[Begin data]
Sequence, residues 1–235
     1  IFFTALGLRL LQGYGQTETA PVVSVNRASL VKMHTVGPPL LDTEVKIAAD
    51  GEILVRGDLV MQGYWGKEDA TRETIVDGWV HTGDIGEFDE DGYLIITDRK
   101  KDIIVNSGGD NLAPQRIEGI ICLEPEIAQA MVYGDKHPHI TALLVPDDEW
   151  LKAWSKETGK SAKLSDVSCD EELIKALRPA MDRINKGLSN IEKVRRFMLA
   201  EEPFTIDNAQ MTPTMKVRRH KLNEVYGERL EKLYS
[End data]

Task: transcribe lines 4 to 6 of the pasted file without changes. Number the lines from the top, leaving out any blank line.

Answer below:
   101  KDIIVNSGGD NLAPQRIEGI ICLEPEIAQA MVYGDKHPHI TALLVPDDEW
   151  LKAWSKETGK SAKLSDVSCD EELIKALRPA MDRINKGLSN IEKVRRFMLA
   201  EEPFTIDNAQ MTPTMKVRRH KLNEVYGERL EKLYS